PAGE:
10. How do you say no to a prenup?
Gary: "If you're not prepared to get a prenup, just say no. But also be prepared that you may not end up marrying that person if that's a make-or-break thing for them."
11. What clause would you add to a prenup?
One popular example is the topic of raising children. Talk with your partner about if you're going to have children and how you may want to raise them. Some people add philosophies on parenting into prenups, since that's often a topic of future disagreement. It all depends on what's important to you. Prenups have a standard outline so anything you want to add needs to be important to you and your partner. Talk to a lawyer on how to add them.
12. What if I'm already married?!
Don't sweat it. If you're reading through this and your heart rate is increasing because you went the route of no prenup before the big day - there's always the option of a postnup. That's right, a postnuptial agreement is a similar document to a prenup and may open the floodgates to those difficult decisions with you and your partner. Most importantly, it allows you to lay everything out on the table while you're within a marriage, and once again, give some much coveted clarity on hot button topics.
Divorce isn't something you plan for, but financial changes most certainly can be. A postnup can outline both you and your partner's expectations for each other in terms of assets, who owns what, future parenting decisions, and your hopes for your financial future. Especially if you owned joint assets before marriage, if you each have personal assets (like a savings account), or haven't found a way to discuss children, this is an easy gateway into defining everything. We'd go so far as to say this postnup could very likely help stabilize your relationship by reducing any anxiety around financial unknowns in your marriage.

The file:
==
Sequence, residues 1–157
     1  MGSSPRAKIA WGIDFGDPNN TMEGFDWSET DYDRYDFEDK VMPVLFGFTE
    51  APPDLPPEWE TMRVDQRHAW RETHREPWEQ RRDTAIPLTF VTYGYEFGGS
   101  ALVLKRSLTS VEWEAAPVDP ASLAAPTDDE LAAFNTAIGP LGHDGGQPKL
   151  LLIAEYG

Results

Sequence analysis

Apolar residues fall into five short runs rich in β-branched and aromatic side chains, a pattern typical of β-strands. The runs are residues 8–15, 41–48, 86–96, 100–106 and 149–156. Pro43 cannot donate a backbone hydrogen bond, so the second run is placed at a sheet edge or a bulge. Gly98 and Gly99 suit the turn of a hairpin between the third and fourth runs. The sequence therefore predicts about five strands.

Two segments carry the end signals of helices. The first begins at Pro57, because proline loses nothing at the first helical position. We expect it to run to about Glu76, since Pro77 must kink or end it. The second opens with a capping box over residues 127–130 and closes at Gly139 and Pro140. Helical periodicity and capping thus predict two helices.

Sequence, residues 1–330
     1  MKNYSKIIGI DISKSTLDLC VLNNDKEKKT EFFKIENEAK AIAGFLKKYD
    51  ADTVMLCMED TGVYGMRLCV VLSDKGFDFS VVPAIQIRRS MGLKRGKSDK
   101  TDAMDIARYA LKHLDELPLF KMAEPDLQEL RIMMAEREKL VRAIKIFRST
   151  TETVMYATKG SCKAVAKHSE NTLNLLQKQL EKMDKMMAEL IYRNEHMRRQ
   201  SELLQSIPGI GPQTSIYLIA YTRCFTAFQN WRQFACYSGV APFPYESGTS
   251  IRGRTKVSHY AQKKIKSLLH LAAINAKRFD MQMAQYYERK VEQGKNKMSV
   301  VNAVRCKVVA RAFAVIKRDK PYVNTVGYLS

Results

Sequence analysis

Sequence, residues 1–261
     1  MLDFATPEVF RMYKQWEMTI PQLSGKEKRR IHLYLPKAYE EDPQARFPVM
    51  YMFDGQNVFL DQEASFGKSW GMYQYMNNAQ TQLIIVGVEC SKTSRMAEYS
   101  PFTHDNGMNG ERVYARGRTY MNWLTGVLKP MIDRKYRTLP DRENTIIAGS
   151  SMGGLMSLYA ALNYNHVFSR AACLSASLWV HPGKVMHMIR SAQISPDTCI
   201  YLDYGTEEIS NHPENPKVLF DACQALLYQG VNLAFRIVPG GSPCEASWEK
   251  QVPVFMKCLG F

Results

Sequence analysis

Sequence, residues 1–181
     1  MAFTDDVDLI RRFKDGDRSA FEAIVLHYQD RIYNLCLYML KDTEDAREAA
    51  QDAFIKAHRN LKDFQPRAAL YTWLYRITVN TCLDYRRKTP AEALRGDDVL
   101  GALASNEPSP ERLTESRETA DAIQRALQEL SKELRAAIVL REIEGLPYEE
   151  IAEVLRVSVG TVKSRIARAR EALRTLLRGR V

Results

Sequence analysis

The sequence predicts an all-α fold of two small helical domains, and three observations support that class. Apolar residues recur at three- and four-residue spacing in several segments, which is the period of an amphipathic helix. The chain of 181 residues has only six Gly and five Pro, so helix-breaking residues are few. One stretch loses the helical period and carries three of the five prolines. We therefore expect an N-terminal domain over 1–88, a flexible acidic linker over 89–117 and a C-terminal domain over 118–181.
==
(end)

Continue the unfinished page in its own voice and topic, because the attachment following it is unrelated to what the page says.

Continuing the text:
13. Explain the infidelity clause
Gary: It's irrelevant. Termination of marriage can be caused by any number of things - infidelity included. You don't want to run into issues of disagreement on "they cheated on me" with a counter argument of "but I was emotionally neglected" or whatever it may be."
Valeria: "It doesn't cancel out what you've built together during your marriage or what either partner deserves to get. So if you believe you've made an equitable prenup, you're covered in those situations."
The "Dont's" of approaching a pre-nup
Don't treat this marriage contract like it's some terrible or evil thing.
Don't let pop culture tell you how to perceive a prenup. Check yourself for any instilled emotions and opinions towards prenups and ask yourself why you feel that way, and if they are valid feelings towards your particular relationships.
Don't let your emotions overwhelm you and force your hand into making the wrong decisions in terms of your response to a prenup request.
Gary & Valeria: "If you're the partner going in with considerably more net worth than the person you're marrying, set realistic expectations. You can't expect to marry someone and have them give you X amount of their time, effort, and support, and leaving them with nothing if things end."